Turkey's education drive is focused on 8 years of compulsory schooling for all children between 11 and 13 years old. By reaching this goal Turkey wants to bring the education levels to the European standards.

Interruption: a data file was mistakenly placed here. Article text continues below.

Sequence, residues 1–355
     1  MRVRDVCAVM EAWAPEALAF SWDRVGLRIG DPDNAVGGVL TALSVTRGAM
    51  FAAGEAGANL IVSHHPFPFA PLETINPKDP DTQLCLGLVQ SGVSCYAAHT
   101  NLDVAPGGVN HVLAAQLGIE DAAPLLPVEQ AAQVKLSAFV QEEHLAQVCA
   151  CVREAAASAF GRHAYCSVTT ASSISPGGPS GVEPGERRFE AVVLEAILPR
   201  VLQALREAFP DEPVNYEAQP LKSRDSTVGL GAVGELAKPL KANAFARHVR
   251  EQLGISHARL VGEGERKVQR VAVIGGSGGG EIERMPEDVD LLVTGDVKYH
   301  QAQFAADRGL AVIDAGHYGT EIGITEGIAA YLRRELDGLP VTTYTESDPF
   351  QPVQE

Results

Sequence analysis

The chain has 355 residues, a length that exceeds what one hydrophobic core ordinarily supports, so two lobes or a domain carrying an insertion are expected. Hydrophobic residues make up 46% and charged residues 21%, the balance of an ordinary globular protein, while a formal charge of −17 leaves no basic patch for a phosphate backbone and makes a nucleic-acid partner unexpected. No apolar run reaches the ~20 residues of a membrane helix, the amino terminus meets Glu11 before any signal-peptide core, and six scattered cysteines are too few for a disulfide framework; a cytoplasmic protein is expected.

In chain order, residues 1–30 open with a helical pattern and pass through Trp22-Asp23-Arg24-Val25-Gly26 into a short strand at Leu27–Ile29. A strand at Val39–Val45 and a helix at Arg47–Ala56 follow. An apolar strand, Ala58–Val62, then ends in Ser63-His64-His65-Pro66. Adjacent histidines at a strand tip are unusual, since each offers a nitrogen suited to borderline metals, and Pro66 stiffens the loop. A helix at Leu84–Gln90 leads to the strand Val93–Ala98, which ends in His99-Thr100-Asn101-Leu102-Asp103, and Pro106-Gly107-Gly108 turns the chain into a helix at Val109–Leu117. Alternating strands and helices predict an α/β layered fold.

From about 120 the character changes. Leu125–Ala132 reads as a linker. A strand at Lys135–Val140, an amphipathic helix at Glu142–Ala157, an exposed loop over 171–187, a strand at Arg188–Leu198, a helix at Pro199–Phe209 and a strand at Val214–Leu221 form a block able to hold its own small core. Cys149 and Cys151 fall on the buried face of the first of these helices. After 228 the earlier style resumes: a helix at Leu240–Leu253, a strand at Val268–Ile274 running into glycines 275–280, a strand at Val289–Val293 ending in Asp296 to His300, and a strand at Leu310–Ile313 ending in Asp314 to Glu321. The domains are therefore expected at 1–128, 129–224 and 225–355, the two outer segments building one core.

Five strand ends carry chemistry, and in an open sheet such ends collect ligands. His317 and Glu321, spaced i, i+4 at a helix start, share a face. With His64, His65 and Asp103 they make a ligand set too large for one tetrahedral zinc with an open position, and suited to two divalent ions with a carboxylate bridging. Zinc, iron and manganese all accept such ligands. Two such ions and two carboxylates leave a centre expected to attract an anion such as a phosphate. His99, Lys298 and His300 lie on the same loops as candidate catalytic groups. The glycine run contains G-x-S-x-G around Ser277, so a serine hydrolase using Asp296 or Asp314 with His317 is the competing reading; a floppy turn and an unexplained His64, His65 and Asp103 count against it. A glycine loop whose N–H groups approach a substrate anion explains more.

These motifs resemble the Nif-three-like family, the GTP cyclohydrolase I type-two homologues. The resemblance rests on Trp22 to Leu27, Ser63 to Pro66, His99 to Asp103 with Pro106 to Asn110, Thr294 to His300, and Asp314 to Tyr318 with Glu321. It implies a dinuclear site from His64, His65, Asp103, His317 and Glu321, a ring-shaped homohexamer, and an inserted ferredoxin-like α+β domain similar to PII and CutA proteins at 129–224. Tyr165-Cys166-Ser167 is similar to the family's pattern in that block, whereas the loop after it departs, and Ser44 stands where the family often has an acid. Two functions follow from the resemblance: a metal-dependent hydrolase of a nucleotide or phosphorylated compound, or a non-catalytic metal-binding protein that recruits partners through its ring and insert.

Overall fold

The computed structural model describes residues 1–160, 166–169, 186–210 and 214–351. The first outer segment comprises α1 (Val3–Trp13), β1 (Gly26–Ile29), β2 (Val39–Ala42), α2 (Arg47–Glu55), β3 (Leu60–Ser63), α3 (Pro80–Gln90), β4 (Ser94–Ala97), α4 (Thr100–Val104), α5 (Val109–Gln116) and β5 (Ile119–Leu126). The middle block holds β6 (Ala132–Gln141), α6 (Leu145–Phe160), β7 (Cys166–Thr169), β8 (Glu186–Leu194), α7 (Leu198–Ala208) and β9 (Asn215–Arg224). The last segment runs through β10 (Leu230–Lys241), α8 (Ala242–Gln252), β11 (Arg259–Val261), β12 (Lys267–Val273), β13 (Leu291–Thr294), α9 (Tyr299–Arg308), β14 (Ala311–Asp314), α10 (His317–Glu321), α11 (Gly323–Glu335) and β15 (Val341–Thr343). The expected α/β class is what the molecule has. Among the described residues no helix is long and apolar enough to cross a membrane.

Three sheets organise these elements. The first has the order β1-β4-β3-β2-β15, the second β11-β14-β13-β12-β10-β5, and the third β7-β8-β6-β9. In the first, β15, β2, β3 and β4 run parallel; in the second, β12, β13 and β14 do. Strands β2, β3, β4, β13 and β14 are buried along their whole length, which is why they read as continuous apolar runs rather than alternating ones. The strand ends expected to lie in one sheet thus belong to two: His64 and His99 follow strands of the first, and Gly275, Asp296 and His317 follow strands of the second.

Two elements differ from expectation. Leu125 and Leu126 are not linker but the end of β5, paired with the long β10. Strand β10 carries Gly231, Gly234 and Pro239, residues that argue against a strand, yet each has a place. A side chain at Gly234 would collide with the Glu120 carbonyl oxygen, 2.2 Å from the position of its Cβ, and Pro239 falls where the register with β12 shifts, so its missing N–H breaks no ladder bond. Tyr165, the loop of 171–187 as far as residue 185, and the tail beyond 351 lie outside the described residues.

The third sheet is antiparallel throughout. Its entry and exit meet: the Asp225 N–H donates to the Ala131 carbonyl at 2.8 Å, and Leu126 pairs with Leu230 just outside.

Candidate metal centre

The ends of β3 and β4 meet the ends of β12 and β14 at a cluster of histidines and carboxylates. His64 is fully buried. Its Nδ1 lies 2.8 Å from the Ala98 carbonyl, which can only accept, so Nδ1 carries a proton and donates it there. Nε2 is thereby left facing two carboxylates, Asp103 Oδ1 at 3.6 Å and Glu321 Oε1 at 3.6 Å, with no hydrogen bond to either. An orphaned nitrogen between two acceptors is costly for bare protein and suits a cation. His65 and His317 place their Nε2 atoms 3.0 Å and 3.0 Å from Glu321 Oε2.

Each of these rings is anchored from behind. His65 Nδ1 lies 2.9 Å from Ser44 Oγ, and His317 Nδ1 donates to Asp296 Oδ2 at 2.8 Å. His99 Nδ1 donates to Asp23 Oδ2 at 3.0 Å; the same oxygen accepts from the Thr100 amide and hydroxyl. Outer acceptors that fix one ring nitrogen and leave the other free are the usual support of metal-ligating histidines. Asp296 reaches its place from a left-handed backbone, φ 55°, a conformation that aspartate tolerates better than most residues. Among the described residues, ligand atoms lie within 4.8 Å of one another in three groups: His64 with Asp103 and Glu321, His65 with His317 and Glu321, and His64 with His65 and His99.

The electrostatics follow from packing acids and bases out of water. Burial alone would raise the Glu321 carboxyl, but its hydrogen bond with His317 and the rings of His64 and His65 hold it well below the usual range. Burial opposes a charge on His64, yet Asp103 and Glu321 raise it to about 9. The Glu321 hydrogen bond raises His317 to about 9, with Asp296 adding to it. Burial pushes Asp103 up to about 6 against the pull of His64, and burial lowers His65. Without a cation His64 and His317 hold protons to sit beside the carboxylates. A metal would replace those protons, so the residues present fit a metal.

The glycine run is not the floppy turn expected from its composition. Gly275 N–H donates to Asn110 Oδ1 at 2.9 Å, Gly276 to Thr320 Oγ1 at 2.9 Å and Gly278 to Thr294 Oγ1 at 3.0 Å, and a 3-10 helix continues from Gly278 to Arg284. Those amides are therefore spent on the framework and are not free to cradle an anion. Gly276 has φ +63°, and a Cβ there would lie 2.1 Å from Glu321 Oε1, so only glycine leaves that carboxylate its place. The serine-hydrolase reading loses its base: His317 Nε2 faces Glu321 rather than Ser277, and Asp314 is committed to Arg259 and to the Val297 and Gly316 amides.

Educational Reform in Turkey Reporter: Yakleks, 13. Every week, she travels this road from her village in the mountains of Eastern Turkey to her boarding school an hour away. Yakleks: We have a name. We are going to study. I want to study until the end. I want to feel sure I study and I want to have a job. Reporter: Yakleks is part of the country’s massive education drive, eight years compulsory schooling for all children. It’s costing Turkey $3 Billion a year to achieve. The aim is to ensure that no 11 to 13- year-olds miss out and bring education levels closer to European standards. Dr. Huseyn Celik: Turkey is working hard to the heart of the civilized world in every area. Turkey does not want to be perceived as a third world country, and the most important product as to being part of the civilized world is education. Reporter: Tackling poverty is also at the heart of Turkey’s reforms. So far this year for the first time in its history, the republic is spending more on education than defense. Before 1997, one in three rural children aged 11 to 13 were not in school. Most were girls. Turkey’s big bang approach to education reform amended almost overnight. Rural families were forced to send their children to nearby towns to complete the three more years of study. And as a result, school enrolment for rural girls have soared. Amberin Zaman: It’s mandatory, I think. It’s terribly important because certainly in rural areas, you know, sort of criminalizing and not sending your children school, people very often won’t send their children to school. So in that sense, I think it was a necessary, a long overdue step and certainly are for girls. Because very often, girls are the ones who are not sent to school. Reporter: Yaklek and 400 other girls are enrolled to the only boarding in Arzis(PH). When at 14, created especially for rural children in the eastern region of Van. But negotiating the cultural economic and geographic obstacles on the road to go to education in this region has not been easy. The reforms involved closing many small rural school building larger urban day and boarding schools and prohibiting children under 15 from working, major changes in the lives of poor rural families. Almost 150,000 children are now enrolled in boarding schools, a third are girls. After a week of lessons, these girls are on their way home to their village Arteren. It’s typical of the region’s futile Kurdish mountain communities. Yaklek’s father is one of three landlords and in a position to promote girl’s education. Male: I am very happy. I am doing my best. I am helping her schooling. I am encouraging the other girls in the way that you’re armed attending to go to school. I’m telling other people that my daughter is attending and they too should send their daughters. Reporter: Yaklek is one of eight children. Kiamet, her older sister now 22 says compulsory education came too late for her. Kiamet: I wasn’t able to go. If I had the chance now, I would continue from where I have left off but I don’t think I have the chance because they say it is your time to get married. In this patriarchal society, Yaklek’s mother and other women like her missed out on their education. All of them wanted better lives for their daughters. More opportunities, more independents. Female: In our time, they were reading the Koran and women were covered. There were no schools. Now that there are schools, the situation is different. I like the idea of her becoming a doctor. God willing, she will become a doctor. We wanted to go study very much. Our life is not good, maybe they can have a good life. Life in the village is not good. Here, it is tending for some cheap baking bread. They want to go to study and save themselves. Female 2: It’s not easy. There’s no female equality that’s impossible here. In the rest of the country, there is male and female equality, but here, the leaders are men. There were no compulsory education in my time but now we have got it and five of my siblings are studying. God willing, we will be able to support their study until the end. Amberin Zaman: It’s an extremely conservative area in religious terms. Religion has a profound influence over daily lifestyle. Sheiks and Imams, they all have a lot of influence. It’s a very male dominated part of the country where still today unfortunately, girls get murdered for such heinous crimes as going to the cinema with a man who is neither her husband or say her relative. So it’s very difficult to overcome those cultural and religious barriers.